Everything’s going swimmingly and you’re a tight unit. You have your rows, but what couple doesn’t? You’re stronger than squabbling anyway. Perhaps you’ve moved in with each other, she’s got a her own key and you’re looking forward to a long future together.

All very nice, but this isn’t really the sort of comfortable equilibrium pop songs are made from. At least not very good ones. Regardless, listening to music isn’t so important to you any more. She doesn’t quite appreciate the nuances of chillwave and prefers to have Radio 1 on for ‘some proper tunes’. You’re cool with that though, right?

Animal Collective – Bluish

Probably one of the less appreciated tracks off a thoroughly appreciated album. Unlike most Animal Collective songs, there’s no huge, dubby soundscapes, ravey repetition or any other sort of sonic tomfoolery at the forefront, dragging you in – there’s just some really nice lyrics that are perfectly romantic and natural. A chorus instructing a partner to dress in a certain way for the singer’s own pleasure would sound seedy and controlling in hands of most bands, but when Avey croons it, its the sound of a lover lost in the beauty of his partner. The delicate, carefully textured melody perfectly suggestive of an enclosed, sequestered space – A bed, a sofa, or, if I’m going for full wanky points, a more abstract ‘place’ such as a happy relationship – in which two lovers are immersed.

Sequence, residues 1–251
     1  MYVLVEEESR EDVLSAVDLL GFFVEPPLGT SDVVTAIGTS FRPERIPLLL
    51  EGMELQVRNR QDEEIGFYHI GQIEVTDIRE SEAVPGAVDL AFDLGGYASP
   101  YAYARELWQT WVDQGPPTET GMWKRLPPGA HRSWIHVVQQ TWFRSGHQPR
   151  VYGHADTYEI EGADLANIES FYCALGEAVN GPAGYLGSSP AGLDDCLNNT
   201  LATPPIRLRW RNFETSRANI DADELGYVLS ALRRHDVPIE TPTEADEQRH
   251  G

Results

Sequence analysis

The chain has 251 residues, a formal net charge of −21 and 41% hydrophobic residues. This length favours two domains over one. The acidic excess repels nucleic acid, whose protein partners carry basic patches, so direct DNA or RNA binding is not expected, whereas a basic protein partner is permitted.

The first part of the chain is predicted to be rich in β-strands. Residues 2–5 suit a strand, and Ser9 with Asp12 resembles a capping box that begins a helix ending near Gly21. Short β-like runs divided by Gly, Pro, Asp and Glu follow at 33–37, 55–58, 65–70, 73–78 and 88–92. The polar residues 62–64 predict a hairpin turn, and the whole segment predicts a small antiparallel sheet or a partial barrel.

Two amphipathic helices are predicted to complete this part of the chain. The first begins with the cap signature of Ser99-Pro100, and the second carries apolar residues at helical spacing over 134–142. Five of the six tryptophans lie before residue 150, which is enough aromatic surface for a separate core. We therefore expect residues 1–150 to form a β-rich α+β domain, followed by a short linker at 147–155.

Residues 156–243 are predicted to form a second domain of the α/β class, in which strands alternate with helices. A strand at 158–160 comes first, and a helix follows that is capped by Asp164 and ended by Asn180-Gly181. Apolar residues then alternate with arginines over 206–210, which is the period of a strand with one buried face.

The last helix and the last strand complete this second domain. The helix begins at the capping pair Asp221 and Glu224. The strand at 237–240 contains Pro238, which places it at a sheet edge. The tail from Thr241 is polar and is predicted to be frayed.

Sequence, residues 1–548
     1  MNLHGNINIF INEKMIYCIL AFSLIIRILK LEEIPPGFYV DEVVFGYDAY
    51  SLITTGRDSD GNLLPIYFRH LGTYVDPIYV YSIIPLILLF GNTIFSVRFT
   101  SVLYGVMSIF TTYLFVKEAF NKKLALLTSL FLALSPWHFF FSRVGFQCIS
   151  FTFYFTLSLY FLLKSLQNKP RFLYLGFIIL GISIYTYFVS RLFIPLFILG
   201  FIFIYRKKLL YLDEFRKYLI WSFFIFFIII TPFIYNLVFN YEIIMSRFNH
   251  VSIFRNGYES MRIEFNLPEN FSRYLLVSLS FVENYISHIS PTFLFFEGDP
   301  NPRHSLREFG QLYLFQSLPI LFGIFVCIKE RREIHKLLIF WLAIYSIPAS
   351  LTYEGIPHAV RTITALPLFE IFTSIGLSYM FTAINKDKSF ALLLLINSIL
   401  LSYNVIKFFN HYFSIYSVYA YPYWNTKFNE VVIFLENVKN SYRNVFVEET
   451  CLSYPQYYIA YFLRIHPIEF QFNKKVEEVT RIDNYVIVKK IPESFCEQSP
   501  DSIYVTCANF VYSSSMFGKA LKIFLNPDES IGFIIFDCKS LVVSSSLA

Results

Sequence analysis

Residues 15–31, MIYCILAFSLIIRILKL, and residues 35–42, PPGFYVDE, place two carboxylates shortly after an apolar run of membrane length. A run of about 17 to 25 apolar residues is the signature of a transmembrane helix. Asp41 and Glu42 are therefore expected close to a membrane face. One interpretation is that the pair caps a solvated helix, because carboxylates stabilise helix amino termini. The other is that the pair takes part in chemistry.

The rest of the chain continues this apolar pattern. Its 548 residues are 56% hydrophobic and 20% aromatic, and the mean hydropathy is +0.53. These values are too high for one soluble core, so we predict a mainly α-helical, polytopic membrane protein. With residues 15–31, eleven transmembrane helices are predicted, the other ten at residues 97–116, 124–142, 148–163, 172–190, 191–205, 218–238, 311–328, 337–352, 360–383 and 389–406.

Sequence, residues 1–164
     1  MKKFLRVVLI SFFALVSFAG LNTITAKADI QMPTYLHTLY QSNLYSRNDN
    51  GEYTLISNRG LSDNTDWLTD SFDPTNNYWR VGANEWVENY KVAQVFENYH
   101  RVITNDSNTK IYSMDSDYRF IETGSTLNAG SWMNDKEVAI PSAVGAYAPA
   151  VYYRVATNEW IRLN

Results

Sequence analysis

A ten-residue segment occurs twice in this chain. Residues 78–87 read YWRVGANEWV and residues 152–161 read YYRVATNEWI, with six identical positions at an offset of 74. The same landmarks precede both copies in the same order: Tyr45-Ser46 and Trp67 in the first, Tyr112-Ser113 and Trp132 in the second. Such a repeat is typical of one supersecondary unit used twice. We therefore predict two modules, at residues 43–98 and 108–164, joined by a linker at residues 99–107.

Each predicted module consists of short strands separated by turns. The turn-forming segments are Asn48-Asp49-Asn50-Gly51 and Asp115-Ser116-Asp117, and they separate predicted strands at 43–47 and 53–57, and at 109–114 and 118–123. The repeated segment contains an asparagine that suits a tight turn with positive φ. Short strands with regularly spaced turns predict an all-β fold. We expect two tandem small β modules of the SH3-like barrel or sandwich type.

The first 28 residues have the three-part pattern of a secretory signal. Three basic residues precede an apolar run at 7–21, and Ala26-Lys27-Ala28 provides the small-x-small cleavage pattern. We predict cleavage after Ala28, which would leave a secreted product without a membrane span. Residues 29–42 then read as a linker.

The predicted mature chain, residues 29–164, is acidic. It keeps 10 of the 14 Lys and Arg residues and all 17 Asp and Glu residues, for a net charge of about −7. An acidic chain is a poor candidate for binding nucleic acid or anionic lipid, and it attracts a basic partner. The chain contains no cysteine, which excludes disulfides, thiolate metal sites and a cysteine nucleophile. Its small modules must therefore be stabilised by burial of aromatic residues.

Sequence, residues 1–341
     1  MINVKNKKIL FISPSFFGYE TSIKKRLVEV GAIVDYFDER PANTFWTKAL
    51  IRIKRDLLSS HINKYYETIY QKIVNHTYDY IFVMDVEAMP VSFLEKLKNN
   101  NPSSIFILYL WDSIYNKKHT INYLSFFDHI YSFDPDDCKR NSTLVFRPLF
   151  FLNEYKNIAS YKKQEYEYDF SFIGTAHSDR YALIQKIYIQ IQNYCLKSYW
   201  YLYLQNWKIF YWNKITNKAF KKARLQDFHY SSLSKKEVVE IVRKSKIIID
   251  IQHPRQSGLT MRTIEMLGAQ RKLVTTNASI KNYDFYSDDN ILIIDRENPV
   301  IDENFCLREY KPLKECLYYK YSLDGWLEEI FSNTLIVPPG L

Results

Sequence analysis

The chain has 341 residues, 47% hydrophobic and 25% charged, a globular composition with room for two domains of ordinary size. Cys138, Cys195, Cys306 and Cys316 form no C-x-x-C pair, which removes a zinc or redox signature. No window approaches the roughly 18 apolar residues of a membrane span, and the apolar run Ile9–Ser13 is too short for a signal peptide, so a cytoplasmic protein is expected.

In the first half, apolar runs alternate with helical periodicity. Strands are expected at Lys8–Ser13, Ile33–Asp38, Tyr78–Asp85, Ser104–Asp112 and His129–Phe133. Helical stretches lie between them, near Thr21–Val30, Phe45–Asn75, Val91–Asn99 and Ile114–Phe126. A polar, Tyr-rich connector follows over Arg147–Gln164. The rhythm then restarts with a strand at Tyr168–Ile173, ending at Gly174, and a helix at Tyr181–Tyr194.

MP3: Animal Collective – Bluish


4. Sex

So your differences in what constitutes ‘real music’ are starting to grate, but to make up for subjecting you to all that awful James Blunt, there is that thing she does quite well.

If your a particularly cold, detached bastard you might have ended up here without going through the joys and tribulations of the previous four ages. For those heartless people, have a little Serge.

Serge Gainsbourg – En Melody

It’s Serge Gainsbourg, there’s a woman’s orgasmic snorts, even that guitar riff is pure filth. Smut in the form of music; a News Of The World headline in notation.

MP3:Serge Gainsbourg – En Melody


5. Complications

That thing isn’t doing it for you any more and things are starting to grate. She wants to take you to Radio 1’s Big Weekend, but you’ve told her you’ve already arranged to go to Glastonbury and she’s not happy.